Spring sports would not be complete without tennis. With the ACC slate looming, the men’s team will carry a five-match winning streak into bouts against top opponents.
The Jackets have managed to minimize any growing pains they might have had after losing Nathan Rakitt and Casey Kay to graduation. They swept the MLK Invitational at the beginning of January and already have ten victories under their belt. The Jackets have consistently moved up in conference standings over the last three years and show every sign of continuing an upward trend. The Jackets begin their ACC slate this weekend with matches against Clemson and Florida State.
As the ACC season begins for men’s tennis, Jackets fans remain hopeful for continued success. In order for Tech to have a full season of consistent victories, the Jackets will have to overcome a few difficult match-ups.
Clemson and Florida State will be the first tough match-ups that the Jackets will have to overcome this season. It has been three years since Tech has bested the Tigers and 10 since they have defeated the Seminoles. Tech will compete against Clemson Friday in South Carolina. They will welcome Florida State to Atlanta on Sunday. Much like the Jackets, Clemson has started this season strong. Florida State, on the other hand, has had a bit more of a rough go of things so far.
Head Coach Kenny Thorne will use any overconfidence that the Tigers might have and any doubts that may be haunting Florida State to his advantage, but Tech has a significant losing streak to amend. Defeating both teams in the span of a single weekend (or even just one) would send a strong message to the rest of the conference from a team ranked seventh in the ACC.
Tech will have some time to regroup before they travel south to compete against Miami on the March 12. With a 3-1 record over the past four years of match-ups with the Hurricanes, the Jackets likely have the same mental advantage over Miami that Clemson and Florida State enjoy against Tech. With that in mind, Miami might serve as a brief reprieve before the rest of a difficult conference schedule.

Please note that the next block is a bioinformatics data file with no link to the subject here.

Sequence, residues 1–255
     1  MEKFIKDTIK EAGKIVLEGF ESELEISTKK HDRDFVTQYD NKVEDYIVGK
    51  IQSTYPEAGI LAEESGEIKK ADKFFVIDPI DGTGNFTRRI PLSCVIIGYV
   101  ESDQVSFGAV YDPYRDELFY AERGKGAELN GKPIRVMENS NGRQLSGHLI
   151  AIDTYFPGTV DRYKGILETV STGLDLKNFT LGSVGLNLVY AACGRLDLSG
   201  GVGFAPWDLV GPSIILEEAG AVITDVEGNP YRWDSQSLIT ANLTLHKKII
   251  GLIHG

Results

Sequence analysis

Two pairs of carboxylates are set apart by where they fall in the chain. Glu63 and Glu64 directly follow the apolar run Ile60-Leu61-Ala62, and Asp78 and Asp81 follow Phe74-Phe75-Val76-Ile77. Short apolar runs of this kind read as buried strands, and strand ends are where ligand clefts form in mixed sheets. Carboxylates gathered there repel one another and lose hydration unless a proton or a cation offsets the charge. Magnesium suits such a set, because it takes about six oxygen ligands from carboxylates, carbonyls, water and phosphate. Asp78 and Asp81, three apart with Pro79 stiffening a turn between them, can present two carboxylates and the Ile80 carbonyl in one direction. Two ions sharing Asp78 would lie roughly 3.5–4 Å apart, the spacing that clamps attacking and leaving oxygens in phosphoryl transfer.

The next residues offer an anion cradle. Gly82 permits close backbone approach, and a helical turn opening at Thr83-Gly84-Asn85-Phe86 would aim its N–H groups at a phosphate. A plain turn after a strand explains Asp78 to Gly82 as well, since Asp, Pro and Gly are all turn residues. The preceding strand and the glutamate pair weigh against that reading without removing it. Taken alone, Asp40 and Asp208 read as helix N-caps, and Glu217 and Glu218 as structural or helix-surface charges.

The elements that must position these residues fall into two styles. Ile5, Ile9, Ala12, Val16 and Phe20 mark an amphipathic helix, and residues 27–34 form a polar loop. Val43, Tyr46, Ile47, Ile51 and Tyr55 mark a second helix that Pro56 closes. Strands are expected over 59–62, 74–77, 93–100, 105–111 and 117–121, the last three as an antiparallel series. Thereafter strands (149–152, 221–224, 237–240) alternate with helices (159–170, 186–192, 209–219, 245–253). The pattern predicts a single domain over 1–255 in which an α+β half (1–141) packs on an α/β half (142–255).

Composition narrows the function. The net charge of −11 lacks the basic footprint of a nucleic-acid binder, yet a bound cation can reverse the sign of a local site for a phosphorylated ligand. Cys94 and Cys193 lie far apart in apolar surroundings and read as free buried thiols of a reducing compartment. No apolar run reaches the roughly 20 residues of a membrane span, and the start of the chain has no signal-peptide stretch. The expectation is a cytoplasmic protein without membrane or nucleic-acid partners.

Likely Tech’s most challenging opponent, Virginia has been at the top of the ranks in the ACC for the last three years. The Jackets will compete against the Cavaliers towards the end of the season after three back to back to back conference match-ups.
Virginia was swift to defend their first place spot in the ACC, opening the season with a nine game winning streak and not a single loss. Two of those nine victories were ACC match ups. Over the last five years Virginia has dominated Tech in every match-up. That is no surprise; the Cavaliers have produced such performers as Indian national team member and former two-time NCAA singles champion Somdev Devarrman.
Coach Thorne has accumulated a talented lineup that is bearing fruit as many of its talented players have begun to write the final chapters of their Tech careers. Junior Christopher Eubanks has consistently been one of the most carefully watched men’s tennis players on the collegiate circuit. A blue chip prospect out of high school, Eubanks has been in the spotlight since his collegiate debut and plays a leadership role despite having one year remaining in Atlanta. This year, the Jackets have welcomed another blue chip prospect to Tech’s lineup, Chris Yun. A local from Lassiter High School, Yun may well represent the future of Tech tennis. And if Yun moves up the ranks as quickly as Eubanks did, the jackets could become one of the most formidable teams in the ACC.
However, the performances of two athletes will not suffice. Senior Carlos Benito and junior Michael Kay, regular fixtures in Tech’s lineup, are expected to consistently contribute to Tech’s continued upward trend in the ACC standings. Benito has been a fixture in national rankings every year since his debut at Tech. Kay has spent the last three years establishing himself as a member of one of the best doubles teams in nation along with his brother, who graduated last year. Though Kay has lost the other half of his doubles team, there’s no doubt that his consistency on the court will continue.
Tech’s ACC slate seems like no more than a long list of formidable opponents. Such is life for Jackets in many aspects, from the football stadium to the basketball arena to the tennis courts. But with the likes of Benito and Eubanks propelling the Jackets for the matches looming ahead, and players like Yun providing optimism for the years to follow, that slate is less a death knell than an invitation for the Jackets to show that they